Lee Kantor: [00:12:34] Now who is the ideal purchaser of this?
Richard Lee: [00:12:37] So we’ve been working primarily with marketing agencies and sole marketers because they tend to use the product the best. We work with business owners, but we just noticed that they’re very their hands are full with 20 other things all at the same time. So like marketing might be the last thing that they’re considering, but they still want it. So we’ve been seeing various different types on a like once 20 person team scale and we also been working with 100 plus employee companies and seeing how that works for internal marketing.
Lee Kantor: [00:13:07] Now how is your experience been in the Atlanta startup ecosystem.
Richard Lee: [00:13:13] The last year? Because it’s really nice. I really like it. It’s one of the reasons I stayed after college here in Atlanta. Everyone’s really supportive. If you have a question and if you’re genuine about it, people will reach out to you and people will help work with you. I really love the bootstrap energy that Atlanta has. Like it’s not Silicon Valley, but it is throwing money around for no reason and that’s kind of you have to earn it. I do like that. So it helps us focus on bootstrapping and making revenue a lot earlier compared to like going to go get funding earlier, which is I would say not the best practice, especially in a professional model.
Lee Kantor: [00:13:47] Now, what about if you were to educate people on artificial intelligence and how you’re using it? Some people are afraid. Some people can’t wait. What would you you know, what are some of the myths you’d like to dispel about A.I.?
Richard Lee: [00:14:03] So I would say for AI is really good at helping people get to where they are there. It’s kind of dumb if you leave it alone. Right. Because it’s it’s it’s just recognizing what it sees. And often what it sees is often wrong. So that’s something we do see in the market. And A.I. requires some kind of copilot, Like it’s like you’re the goose and maverick and maverick goose type model where without it, you still need A.I. to replicate things on scale. But without the human, the AI’s kind of stopped replicating very old things or mundane things. It just doesn’t really understand it. It’s not going to go for your job unless it’s super repeatable. If your job is super repeatable and doesn’t require a lot of creativity. A.i. is probably going to take over that spot primarily because it’s such a repeatable test that humans shouldn’t be doing. But in jobs that are far more creative, it will have more of an augmenting experience. They’ll help you get to your place where you want to go. They’ll never replace you.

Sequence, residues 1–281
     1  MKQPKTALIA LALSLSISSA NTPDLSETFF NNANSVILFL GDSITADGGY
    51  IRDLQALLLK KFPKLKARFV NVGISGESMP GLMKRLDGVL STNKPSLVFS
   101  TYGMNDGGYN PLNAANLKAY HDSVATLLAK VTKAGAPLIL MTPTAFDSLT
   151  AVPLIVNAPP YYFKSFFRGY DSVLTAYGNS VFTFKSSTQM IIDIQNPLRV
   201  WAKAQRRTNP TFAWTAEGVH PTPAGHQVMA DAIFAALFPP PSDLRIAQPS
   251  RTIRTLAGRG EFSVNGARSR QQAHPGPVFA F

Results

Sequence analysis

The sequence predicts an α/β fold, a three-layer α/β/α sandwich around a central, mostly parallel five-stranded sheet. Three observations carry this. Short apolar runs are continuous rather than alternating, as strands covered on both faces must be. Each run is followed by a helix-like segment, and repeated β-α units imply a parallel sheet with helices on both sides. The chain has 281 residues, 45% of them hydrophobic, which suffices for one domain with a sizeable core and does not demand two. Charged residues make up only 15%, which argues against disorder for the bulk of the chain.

Lee Kantor: [00:15:03] Yeah. What I’ve heard is if you if your job can be done with a checklist, you’re probably going to be replaced.
Richard Lee: [00:15:10] Yeah. Yeah. But we’ve seen that with technology over the last hundreds, hundreds of years.
Lee Kantor: [00:15:15] Right. It’s nothing personal.
Richard Lee: [00:15:17] Yeah, it’s nothing personal. It’s a repeatable test that shouldn’t be done by a human. That’s overkill, right? The number of energy you have to put into it. But if it’s just like. Like writing something creative. Yeah, like, I will help you, but I won’t do the thing for you.
Lee Kantor: [00:15:33] Now, what do you need more of? How can we help you?
Richard Lee: [00:15:36] Yeah. I would love to meet with more marketers in Atlanta. Meet with Mark Agency in Atlanta and just listen to you like what are your pain points and help you solve those problems for you.
Lee Kantor: [00:15:46] And if somebody wants to learn more, where should they go?
Richard Lee: [00:15:50] You can hit me up on my email at Richard. I better btr sue dot com or email me there or check us out on our site. I’m also very active on LinkedIn, so I’m there. Richard Lee. You can find me on that handle as well.
Lee Kantor: [00:16:10] And it’s super copied that I Oh.
Richard Lee: [00:16:12] Yes, super copy that.
Lee Kantor: [00:16:14] Oh, and that’s the website. They can go and they can check it out. They can look at it and then buy it if they were interested.
Richard Lee: [00:16:21] Yes, absolutely.
Lee Kantor: [00:16:22] Well, Richard, thank you so much for sharing your story today. You’re doing important work and we appreciate you.
Richard Lee: [00:16:27] Appreciate it. Appreciate it. Thanks so much for having me on.
Lee Kantor: [00:16:30] All right. That’s Lee Kantor. We’ll see you all next time on the Atlanta Business Radio.